Tina Fey Previews Her 'Great News' Exit and the 'Mean Girls' Musical
Let's hope Harvey Weinstein is on a TV blackout at his fancy "rehab," because tonight's Great News could be triggering.
In the episode, which wraps up co-executive producer Tina Fey's three-part arc as media mogul Diana St. Tropez, the author of "Boardroom Bitch" begins to harass the newsroom staff in a series of bizarre and clearly not-OK scenarios that seem to scream "inspired by Miramax's disgraced bully."
Of course, the unexpectedly timely storyline was shot months ago, so while Weinstein is spared (this time), Roger Ailes, Billy Bush and Bill O'Reilly all get served for their roles in previous harassment scandals.
A second male actor has also come forward.
Fey did hint, however, that the situation may not actually spell the end of St. Tropez. "I'll shoot my stuff and then I'll go back to New York, put my kids in school, and then if they need me, I'll try to come back," she told TV Insider whiling filming in L.A. this summer."We'll see."
Not that she'll have a lot of free time. The Emmy winner and husband Jeff Richmond's Broadway-bound musical adaptation of Mean Girls is wrapping up rehearsals in New York and heading to DC for out-of-town previews.
"It was thrilling," the admitted Smash fan says of working in the theatrical world. "It's such a collaborative process because Jeff is writing the music; a very smart woman named Nell Benjamin is writing the lyrics and as the book writer; I'm creating pieces of connective tissue and also helping to shape the story. You spend a lot of time figuring out what is the right idea for a song, where it goes, who is singing it and why and to whom...that is a bulk of the book writer's work." Making it all the more fun? "We had a lot of Smash-like moments in the rehearsal room!"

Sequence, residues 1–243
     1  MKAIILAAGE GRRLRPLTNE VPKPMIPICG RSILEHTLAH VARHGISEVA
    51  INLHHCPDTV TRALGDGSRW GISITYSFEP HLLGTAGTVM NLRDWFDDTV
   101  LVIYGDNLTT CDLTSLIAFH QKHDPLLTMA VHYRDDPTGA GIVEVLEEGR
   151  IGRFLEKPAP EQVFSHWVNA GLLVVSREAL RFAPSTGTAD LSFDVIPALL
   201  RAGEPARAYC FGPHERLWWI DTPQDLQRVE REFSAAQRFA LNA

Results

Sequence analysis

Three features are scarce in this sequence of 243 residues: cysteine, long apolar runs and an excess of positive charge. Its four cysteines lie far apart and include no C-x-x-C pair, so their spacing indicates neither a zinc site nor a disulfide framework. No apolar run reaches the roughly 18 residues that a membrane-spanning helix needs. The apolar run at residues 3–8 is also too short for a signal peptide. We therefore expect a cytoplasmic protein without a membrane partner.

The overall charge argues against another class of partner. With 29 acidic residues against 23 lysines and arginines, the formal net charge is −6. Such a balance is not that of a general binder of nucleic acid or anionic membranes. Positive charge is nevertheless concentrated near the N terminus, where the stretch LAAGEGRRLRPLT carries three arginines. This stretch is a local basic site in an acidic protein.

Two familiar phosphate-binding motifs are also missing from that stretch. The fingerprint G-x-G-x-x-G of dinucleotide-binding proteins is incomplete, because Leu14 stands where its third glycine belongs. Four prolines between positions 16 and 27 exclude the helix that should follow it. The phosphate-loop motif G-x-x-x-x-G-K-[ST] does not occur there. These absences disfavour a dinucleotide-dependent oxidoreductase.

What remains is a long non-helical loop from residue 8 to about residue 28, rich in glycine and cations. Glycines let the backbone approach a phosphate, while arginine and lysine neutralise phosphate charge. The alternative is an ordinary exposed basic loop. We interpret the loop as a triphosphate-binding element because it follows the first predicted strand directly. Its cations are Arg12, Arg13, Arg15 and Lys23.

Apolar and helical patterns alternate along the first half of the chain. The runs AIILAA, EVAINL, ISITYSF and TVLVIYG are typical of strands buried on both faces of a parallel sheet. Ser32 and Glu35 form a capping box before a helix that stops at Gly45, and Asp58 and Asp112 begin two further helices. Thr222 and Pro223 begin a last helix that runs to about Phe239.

The Palmer-Riggs romance hits some bumps in the road. Will the twosome survive? We've got answers!
Given that the 2004 feature film starring Lindsay Lohan and Rachel MacAdams is so beloved, Fey has wisely stuck close to the source material. "I hate to say that it's not wildly different from the movie...people are singing, that's new," she laughs, adding that there will be some "light touches" to update the tale "just to let audiences know we're in the present."
And based on this week's totally fetch final run-throughs, we can confirm Fey's feeling that "there's really a lot of good numbers" is, in fact, truer than anything that was written in Regina George's Burn Book (fans will devour the lunch-room spectacle of "Where Do You Belong?" and the first-act closer "Justice"). Just don't expect more of cult fave, Candy Cane-getter Glenn Coco. "I think he's fully realized in the film," she jokes. "He is still there though, I can say that."
You go, Glenn Coco.
Great News, Thursdays, 9:30/8:30c, NBC